From Bob and Laurie Muth
It is with a heavy heart, that I share these words about our dear friend, Sam.
I don't know much about Sam's origins or early puppyhood. He was found in Glacier Park, young and abandoned. I've always suspected he was a reservation dog because I see what looks like a lot of his cousins whenever I drive through East Glacier or Browning. Sam was one of the smartest dogs I've ever met... probably attesting to his obvious border collie mix. But the thing I miss most, and will always miss, is his eternally happy and loving spirit.
Below is a photo of Laurie with Sam and Nahanni at Two Medicine last August. (Nahanni is our yellow lab who is also nearing the end of her time with us at almost 15 years of age.) Below the photo are some thoughts about our Sammy in a narrative/letter poem.
Laurie with Sam (the dark beauty) and Nahanni
TOO SOON OVER SAMMY (1996?-- July 9, 2010)
These passings resurrect
A joy without defect,
The life that steps and sings in ways of death.
If suffering made a sound the atmosphere
would be humming all the time...
Sammy, these are days when the sun closes like a fist, and I have no idea how to tell you about the bog orchids blooming along Peters Ridge or the ground squirrel that got in the garden today.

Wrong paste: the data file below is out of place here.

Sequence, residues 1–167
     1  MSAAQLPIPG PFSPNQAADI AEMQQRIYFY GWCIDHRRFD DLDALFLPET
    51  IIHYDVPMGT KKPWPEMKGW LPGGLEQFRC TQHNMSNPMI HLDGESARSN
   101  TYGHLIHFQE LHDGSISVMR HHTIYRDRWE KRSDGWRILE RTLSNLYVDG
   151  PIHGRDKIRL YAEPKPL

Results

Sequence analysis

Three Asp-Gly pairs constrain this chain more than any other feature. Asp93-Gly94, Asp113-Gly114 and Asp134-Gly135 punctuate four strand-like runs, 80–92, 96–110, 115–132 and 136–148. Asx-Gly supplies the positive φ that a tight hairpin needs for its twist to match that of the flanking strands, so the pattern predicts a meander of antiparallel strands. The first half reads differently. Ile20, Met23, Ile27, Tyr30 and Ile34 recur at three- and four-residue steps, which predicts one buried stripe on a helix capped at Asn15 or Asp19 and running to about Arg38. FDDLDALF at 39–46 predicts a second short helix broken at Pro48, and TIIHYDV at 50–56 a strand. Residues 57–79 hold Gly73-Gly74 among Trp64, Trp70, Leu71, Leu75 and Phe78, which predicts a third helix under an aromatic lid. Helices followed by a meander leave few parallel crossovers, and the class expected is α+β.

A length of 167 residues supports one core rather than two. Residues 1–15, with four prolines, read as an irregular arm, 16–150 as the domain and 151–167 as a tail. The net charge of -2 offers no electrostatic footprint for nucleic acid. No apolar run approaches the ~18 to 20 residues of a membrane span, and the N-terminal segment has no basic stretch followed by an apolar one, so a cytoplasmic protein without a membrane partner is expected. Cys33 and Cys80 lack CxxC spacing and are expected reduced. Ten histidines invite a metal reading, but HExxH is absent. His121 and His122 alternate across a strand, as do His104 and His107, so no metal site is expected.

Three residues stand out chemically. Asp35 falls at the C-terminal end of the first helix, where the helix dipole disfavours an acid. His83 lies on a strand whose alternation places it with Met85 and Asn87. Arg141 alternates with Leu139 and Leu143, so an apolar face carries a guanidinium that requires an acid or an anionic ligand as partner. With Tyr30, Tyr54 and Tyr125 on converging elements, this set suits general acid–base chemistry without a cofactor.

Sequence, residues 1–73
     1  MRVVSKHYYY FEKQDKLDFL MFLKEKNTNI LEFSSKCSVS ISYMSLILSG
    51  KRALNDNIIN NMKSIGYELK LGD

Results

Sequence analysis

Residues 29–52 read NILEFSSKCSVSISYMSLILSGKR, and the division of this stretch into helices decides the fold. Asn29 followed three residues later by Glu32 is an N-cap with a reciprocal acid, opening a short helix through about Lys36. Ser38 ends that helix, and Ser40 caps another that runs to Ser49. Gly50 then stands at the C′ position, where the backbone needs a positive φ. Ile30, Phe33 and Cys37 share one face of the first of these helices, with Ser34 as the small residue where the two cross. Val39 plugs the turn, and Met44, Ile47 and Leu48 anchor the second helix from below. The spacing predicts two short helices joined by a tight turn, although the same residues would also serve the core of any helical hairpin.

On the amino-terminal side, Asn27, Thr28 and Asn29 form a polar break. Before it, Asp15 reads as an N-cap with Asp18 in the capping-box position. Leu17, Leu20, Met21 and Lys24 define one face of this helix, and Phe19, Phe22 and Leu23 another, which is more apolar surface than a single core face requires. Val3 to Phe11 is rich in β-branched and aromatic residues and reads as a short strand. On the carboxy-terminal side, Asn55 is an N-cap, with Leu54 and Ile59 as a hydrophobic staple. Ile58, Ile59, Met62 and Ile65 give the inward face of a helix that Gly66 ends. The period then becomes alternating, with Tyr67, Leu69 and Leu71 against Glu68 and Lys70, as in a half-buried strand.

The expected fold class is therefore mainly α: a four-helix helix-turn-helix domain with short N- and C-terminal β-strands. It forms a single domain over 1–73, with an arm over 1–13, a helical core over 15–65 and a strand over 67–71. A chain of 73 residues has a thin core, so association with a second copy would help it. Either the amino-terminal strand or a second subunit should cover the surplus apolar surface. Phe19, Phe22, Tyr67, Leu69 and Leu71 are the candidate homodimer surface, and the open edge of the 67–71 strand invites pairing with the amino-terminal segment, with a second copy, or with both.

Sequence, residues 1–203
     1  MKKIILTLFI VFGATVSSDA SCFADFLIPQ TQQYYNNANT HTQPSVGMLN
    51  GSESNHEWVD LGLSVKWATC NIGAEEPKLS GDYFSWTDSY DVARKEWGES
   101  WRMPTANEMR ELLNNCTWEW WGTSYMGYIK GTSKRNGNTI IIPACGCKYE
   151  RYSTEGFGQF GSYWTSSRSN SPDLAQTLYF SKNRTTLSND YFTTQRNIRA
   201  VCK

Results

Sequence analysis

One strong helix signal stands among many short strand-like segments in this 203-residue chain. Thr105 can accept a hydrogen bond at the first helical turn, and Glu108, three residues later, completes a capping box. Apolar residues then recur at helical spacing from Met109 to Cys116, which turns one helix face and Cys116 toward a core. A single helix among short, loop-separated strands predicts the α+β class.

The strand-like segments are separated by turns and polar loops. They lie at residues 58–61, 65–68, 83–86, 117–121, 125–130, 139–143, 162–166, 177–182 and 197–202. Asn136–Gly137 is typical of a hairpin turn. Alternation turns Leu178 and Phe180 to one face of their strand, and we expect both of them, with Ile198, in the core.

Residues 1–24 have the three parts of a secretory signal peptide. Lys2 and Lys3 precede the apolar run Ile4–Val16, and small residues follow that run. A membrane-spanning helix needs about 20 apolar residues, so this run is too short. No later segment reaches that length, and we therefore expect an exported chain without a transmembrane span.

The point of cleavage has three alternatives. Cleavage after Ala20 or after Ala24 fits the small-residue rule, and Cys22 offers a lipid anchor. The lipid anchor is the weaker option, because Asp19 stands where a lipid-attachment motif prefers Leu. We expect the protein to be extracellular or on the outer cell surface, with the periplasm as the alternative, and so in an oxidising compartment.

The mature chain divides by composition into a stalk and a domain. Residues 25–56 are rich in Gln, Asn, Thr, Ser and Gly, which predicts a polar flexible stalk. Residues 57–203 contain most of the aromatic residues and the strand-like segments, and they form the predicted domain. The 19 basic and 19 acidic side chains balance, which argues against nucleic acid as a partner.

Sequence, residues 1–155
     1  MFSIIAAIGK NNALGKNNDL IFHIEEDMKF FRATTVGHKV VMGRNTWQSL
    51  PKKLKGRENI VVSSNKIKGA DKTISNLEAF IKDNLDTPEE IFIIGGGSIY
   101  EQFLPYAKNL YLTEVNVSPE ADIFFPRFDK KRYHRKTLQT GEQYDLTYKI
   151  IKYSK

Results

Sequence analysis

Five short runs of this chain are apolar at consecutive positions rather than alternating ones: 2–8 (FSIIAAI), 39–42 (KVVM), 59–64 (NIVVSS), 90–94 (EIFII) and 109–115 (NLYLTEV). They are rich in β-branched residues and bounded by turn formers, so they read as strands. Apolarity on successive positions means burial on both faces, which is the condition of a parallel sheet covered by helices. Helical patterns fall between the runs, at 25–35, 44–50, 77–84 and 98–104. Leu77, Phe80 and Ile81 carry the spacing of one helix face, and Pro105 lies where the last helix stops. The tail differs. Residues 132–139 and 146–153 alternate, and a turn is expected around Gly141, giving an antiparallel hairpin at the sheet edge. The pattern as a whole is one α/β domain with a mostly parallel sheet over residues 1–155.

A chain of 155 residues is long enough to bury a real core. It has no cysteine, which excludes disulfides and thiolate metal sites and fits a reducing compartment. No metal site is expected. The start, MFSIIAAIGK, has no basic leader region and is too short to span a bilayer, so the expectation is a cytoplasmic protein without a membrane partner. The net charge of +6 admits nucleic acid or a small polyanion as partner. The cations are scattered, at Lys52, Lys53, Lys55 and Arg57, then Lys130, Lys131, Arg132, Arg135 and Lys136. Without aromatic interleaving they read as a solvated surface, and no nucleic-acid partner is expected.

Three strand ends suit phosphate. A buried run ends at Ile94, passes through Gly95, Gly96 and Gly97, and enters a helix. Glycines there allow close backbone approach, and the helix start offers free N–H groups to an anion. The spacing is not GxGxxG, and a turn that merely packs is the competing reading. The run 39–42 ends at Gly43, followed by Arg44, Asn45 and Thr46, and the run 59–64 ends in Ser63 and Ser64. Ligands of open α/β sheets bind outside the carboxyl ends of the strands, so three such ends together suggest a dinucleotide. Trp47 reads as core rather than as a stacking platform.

And God knows that I will never understand how you lived in-between the animal world and my world, or the love that flowed like a wild river sweeping us down fragile canyons until one day you disappear beneath the surface, and I catch my breath trying to find my way back in that hungry current.
This morning I touched the paw-marks on the door that you scratched when you wanted in. Later, I held close the blue dish that you carried around when you were hungry. And, oh, how well you read us: You knew that the jingle of keys promised a car ride, and when I pulled on my chore boots or Laurie picked up the clothes basket, you were ready at the door for any happy, outside adventure. Camping gear meant Two Medicine, Freezeout Lake, or the Missouri River, and you could hardly contain yourself. Evenings, when the ten o'clock news ended, you headed for the stairs and waited for me to help you (as you got older) up to the bedroom.
Your wolf guide rode on your shoulder: When Laurie or I returned home, you blessed that joyful pack reunion with raised lip and bared teeth, a fierceness betrayed by a wide, toothy grin: Smiling Sam’s cheerful badge.
It seems hopeless, Sammy, to try to finish
this poem because all I want to say will be
said a thousand times better next spring
by the lilac tree above your grave.
My best words always end in longing
for what can not be fulfilled in time:
Death’s own death.
Bob Muth July 10, 2010